Helicopters over my house again

Helicopters over my house again November 20, 2019

• Yesterday I reported for jury duty for the third time here in Chester County and, once again, I only got as far as the panel and the voir dire before not getting picked to serve on the actual jury. Once again, I’m feeling that mix of relief and disappointment and a slight sting of rejection.

The experience is always encouraging, though, refreshing my faltering faith in democracy as E.B. White described it: “The recurrent suspicion that more than half of the people are right more than half of the time.”

That’s easier to believe in when participating in the jury system at the county level than it is when looking at Washington, DC, where the electoral college, the Senate, gerrymandering, and voter suppression mean that more than half of the people aren’t given the same weight or representation as a very carefully curated and unrepresentative less-than-half of the people.

• Here’s a story about a jury getting it right when the government was getting it very, very wrong: “Not guilty: Jurors acquit border aid volunteer Scott Warren on harboring charges.”

Federal court jurors in Tucson found border aid volunteer Scott Warren not guilty of harboring charges after just two and a half hours of deliberation Wednesday.

… In closing arguments earlier Wednesday, defense lawyer Gregory Kuykendall said Warren only provided humanitarian aid to two Central American men who crossed the border illegally in January 2018.

“Being a good Samaritan is not against the law. Practicing the Golden Rule is not a felony,” Kuykendall told the jury.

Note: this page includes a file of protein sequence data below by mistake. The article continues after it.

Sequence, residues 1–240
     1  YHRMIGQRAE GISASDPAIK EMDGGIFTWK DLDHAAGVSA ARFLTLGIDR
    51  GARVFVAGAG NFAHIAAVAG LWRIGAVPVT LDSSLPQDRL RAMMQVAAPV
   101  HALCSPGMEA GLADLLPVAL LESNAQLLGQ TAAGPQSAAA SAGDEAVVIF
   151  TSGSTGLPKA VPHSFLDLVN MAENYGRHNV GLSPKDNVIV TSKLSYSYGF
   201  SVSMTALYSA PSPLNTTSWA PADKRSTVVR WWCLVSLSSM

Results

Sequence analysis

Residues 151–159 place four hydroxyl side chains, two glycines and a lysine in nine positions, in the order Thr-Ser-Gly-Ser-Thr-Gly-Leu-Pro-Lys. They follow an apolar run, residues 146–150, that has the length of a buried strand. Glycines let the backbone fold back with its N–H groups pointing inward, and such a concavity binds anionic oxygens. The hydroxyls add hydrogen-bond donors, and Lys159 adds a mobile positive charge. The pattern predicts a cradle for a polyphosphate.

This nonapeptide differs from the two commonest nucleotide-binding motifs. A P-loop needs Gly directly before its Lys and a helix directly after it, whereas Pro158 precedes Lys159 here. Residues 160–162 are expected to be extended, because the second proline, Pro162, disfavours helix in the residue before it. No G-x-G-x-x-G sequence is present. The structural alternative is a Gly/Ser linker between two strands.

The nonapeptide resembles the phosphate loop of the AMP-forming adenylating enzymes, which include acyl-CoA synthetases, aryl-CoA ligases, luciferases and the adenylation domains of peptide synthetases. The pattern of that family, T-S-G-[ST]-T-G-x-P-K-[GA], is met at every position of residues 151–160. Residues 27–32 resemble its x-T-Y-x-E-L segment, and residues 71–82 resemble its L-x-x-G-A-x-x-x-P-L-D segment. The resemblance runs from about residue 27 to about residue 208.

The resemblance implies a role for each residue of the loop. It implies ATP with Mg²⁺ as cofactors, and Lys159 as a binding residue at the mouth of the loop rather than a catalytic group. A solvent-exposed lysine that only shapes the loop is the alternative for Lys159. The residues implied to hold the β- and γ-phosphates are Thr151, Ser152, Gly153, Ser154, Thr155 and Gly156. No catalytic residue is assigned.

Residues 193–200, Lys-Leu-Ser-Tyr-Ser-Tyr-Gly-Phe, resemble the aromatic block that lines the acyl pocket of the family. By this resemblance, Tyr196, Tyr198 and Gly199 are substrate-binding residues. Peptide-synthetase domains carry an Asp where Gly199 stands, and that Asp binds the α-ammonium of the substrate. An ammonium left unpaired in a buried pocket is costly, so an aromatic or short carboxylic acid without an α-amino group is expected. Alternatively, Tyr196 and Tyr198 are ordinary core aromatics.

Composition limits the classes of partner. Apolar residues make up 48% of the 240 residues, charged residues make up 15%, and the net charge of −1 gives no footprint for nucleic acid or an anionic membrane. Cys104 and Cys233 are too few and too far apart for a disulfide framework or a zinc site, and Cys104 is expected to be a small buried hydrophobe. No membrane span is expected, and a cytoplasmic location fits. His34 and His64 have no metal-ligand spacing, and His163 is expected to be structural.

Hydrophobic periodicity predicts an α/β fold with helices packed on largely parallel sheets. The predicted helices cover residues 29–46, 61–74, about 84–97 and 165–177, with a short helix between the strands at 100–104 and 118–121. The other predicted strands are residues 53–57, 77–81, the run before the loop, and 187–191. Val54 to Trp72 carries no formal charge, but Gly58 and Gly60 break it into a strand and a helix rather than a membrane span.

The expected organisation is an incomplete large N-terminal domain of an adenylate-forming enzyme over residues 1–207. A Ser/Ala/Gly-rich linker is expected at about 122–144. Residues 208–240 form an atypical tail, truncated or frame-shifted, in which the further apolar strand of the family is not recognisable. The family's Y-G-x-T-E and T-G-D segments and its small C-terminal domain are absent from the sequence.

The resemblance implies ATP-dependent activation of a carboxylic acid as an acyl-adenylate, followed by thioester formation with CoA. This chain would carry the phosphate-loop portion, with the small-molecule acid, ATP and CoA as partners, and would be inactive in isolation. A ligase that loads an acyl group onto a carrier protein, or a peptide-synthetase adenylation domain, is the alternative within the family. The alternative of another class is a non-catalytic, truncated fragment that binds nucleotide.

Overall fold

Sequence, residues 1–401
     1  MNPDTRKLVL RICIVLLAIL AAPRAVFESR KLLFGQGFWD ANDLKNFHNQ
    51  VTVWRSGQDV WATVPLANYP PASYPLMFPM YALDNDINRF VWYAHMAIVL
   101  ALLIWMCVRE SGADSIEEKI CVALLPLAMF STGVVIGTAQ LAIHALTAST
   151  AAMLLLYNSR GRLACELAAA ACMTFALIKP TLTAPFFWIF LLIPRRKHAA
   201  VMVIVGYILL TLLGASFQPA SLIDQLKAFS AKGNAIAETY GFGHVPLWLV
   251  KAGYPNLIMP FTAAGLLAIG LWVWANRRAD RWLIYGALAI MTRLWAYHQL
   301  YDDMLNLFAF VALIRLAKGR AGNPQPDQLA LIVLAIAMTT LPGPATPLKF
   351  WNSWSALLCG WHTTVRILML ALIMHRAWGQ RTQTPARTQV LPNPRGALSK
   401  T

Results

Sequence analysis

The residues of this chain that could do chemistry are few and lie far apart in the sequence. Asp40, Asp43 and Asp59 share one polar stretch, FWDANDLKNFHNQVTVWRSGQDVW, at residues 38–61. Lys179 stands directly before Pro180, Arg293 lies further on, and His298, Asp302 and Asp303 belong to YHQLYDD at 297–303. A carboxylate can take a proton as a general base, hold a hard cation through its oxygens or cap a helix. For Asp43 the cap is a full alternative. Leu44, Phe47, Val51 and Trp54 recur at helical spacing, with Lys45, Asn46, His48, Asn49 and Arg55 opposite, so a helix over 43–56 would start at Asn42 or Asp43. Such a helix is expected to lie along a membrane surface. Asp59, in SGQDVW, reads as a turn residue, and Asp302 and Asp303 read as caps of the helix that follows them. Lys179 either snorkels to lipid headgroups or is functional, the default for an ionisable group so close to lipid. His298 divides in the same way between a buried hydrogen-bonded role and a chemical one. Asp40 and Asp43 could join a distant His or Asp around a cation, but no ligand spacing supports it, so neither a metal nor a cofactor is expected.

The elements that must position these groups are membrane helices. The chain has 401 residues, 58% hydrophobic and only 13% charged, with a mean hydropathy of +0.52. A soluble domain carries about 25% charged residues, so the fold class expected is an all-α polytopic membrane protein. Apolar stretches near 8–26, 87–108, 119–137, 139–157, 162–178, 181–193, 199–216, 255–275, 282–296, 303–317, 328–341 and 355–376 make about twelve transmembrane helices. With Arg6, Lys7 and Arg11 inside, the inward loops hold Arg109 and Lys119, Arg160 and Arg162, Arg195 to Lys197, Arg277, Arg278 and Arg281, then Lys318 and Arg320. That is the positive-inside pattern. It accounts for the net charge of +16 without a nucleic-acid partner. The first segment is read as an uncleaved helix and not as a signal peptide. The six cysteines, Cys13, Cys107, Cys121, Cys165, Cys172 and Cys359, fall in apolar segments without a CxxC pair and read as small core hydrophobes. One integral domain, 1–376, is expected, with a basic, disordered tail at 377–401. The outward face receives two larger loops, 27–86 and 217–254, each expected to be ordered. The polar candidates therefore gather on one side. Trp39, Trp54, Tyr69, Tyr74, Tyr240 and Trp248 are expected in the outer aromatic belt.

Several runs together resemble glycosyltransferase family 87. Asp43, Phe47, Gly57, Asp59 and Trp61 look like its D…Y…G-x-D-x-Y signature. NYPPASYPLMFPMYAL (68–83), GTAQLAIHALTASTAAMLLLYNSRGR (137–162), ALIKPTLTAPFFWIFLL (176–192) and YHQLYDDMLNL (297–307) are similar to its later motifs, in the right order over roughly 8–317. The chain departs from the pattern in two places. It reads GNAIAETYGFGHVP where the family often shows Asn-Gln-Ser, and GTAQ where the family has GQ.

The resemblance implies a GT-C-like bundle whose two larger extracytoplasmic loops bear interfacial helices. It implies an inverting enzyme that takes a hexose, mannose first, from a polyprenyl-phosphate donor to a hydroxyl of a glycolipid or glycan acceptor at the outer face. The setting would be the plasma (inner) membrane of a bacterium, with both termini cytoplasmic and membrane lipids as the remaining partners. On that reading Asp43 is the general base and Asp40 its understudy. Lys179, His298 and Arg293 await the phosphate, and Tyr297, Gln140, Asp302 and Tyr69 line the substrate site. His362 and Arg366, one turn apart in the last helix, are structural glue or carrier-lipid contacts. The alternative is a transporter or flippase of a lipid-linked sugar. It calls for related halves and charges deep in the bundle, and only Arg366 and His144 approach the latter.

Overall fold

… Warren is a volunteer with the Tucson-based humanitarian aid group No More Deaths, which leaves water and food for migrants in the harsh deserts near Ajo and elsewhere along the border.

The group also searches for migrants in distress and helps recover bodies believed to belong to border-crossers.

Since 2001, the Pima County Office of the Medical Examiner has identified more than 3,000 sets of human remains suspected of belonging to migrants who died in the deserts of Southern Arizona.

If you want to understand American politics and the subset of American politics called “evangelicalism,” you need to realize that the vast majority of Americans who self-identify as “pro-life” would be opposed to the work of No More Deaths. They claim this has something to do with Jesus, but everyone listening — themselves included — will just get more and more confused if they’re pressed to explain how in God’s name that makes any sense.

You should also understand that the federal officials pressing for the imprisonment of Scott Warren portray themselves to be champions of “religious liberty” and that this portrayal is accepted at face value by their supporters. This is not because they are hypocrites, but because what they mean by “religious liberty” does not apply to religious believers like Warren. What they mean by “religious liberty” is, again, that “There must be in-groups whom the law protects but does not bind, alongside out-groups whom the law binds but does not protect.”